Brad Smith: It’s been crazy experience going on eight years now- because it’s always something new. First, I come in, work at receiver for a few plays, then I go to running back, coach calls a few plays, did that. Then go to quarterback and work on those plays. Then I will hear the coach say, “Hey can you return kicks?” So, I tried that. Then its special teams tackling and blocking. So I just got an appreciation for the entire game but just want to make sure I help the team. There’s no play that doesn’t matter- every play matters. I don’t know how to look at it any other way than that I’m just a football player who wants to win and get a Super Bowl championship.

BE: One thing I don’t like as a fan are the new kick return rules; it’s taken a lot of fun out of kick returns. How do you feel about that?

Brad Smith: I feel the same way. It’s definitely added a drag to the game. About half the time now the ball is going out of the end zone and if it doesn’t most teams don’t bring it out deep. You’ve got a lot of teams that do bring it out. You’re going to see more and more teams just taking a chance and bringing it out.

BE: Does that enter your mind when you’re fielding a kick? “Okay, I’m seven yards deep,” Or do you look at the blocking in front of you and how successful it is?

Brad Smith: The way we do it in Buffalo, he (special teams coach) gives us certain yards where we have to, “if it’s deeper than this you stay in. But if it’s not, you can bring it out.” It was tough at times because you want to make a play and bring it out every time. But coach didn’t want you to do it, so you just put the team first.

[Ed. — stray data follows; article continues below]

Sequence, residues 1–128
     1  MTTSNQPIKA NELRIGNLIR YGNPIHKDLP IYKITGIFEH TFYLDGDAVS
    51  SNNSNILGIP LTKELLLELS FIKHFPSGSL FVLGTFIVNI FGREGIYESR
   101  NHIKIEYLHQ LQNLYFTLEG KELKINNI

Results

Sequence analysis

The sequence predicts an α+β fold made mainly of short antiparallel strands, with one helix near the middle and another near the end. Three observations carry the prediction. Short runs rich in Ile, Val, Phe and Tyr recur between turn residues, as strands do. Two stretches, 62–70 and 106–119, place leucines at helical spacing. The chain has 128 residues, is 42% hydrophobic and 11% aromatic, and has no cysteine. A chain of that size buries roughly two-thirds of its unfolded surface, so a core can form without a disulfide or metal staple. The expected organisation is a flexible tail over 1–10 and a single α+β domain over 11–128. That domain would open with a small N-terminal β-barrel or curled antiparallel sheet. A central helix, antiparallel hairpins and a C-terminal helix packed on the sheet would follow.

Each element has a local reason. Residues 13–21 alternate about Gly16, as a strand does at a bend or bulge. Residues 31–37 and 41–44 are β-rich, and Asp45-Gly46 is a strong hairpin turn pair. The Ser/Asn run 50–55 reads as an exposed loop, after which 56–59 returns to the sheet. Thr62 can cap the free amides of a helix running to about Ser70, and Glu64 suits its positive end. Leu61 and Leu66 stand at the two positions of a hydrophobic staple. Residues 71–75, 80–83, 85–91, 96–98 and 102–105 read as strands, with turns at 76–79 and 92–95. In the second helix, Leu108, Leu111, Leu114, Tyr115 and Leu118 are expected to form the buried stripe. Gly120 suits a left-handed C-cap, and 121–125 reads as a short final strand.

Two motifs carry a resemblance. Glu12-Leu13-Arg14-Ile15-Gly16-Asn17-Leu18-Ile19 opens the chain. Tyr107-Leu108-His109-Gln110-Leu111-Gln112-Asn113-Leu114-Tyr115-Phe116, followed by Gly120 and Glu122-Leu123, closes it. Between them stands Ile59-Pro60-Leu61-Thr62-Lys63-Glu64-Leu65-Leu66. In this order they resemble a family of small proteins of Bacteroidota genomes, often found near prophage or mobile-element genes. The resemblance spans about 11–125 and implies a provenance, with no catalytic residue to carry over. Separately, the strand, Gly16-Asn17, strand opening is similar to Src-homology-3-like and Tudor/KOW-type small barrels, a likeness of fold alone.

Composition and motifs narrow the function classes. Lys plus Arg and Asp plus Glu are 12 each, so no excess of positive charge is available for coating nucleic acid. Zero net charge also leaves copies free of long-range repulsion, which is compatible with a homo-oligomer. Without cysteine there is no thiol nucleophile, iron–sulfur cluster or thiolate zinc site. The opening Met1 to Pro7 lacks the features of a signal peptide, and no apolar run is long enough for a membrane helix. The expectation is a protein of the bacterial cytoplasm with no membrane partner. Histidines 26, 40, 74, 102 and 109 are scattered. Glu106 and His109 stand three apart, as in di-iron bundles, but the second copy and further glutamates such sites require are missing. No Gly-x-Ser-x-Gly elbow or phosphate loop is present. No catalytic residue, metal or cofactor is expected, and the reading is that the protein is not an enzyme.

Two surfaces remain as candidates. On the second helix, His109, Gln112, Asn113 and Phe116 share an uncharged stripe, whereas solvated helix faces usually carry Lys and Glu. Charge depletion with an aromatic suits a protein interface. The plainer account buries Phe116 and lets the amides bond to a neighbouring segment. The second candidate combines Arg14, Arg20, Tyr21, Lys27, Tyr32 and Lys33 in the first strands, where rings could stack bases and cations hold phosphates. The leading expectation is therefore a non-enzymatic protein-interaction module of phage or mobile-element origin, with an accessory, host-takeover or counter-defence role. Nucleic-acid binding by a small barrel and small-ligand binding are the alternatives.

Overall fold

BE: With the Jets, you had a 108-yard kickoff return for a TD, the longest in franchise history. What do you get more exhilaration out of: that or a 32-yard scamper for a TD?

Brad Smith: It doesn’t matter to me .(laughs) If it’s running, blocking a kick, it doesn’t matter. What matters to me is, did I do something to help my team win?

BE: Do you want to play QB more?

Brad Smith: I’m always a quarterback first — it’s what I’ve done my whole life. And I have fun doing it, but I’ve done all kinds of stuff. Whatever they ask me to do is what I’m going to do. That’s how I look at it man. Whatever I can do to help the team win is what I will do.

BE: With the Jets you were there from the transition between Eric Mangini to Rex Ryan. What was that like?

Brad Smith: It was a good transition. The support group they have there is unbelievable, from the training staff to the strength staff at the time, they all made it a smooth transition. Coach Mangini, I learned stuff I still use to prepare for games to this day from coach Mangini. He was one of the most detail-oriented coaches I’ve ever been around. Rex gets you to play and let it loose 100%, so you don’t have to think — I picked that up from Rex. We’ll see how it goes with coach Marrone.

Brad started a charity for boys and girls in his hometown of Youngstown, Ohio called The Brad Smith True Foundation. Check out the website here (http://truefoundation16.org/). and give him a “Like” on Facebook and Twitter.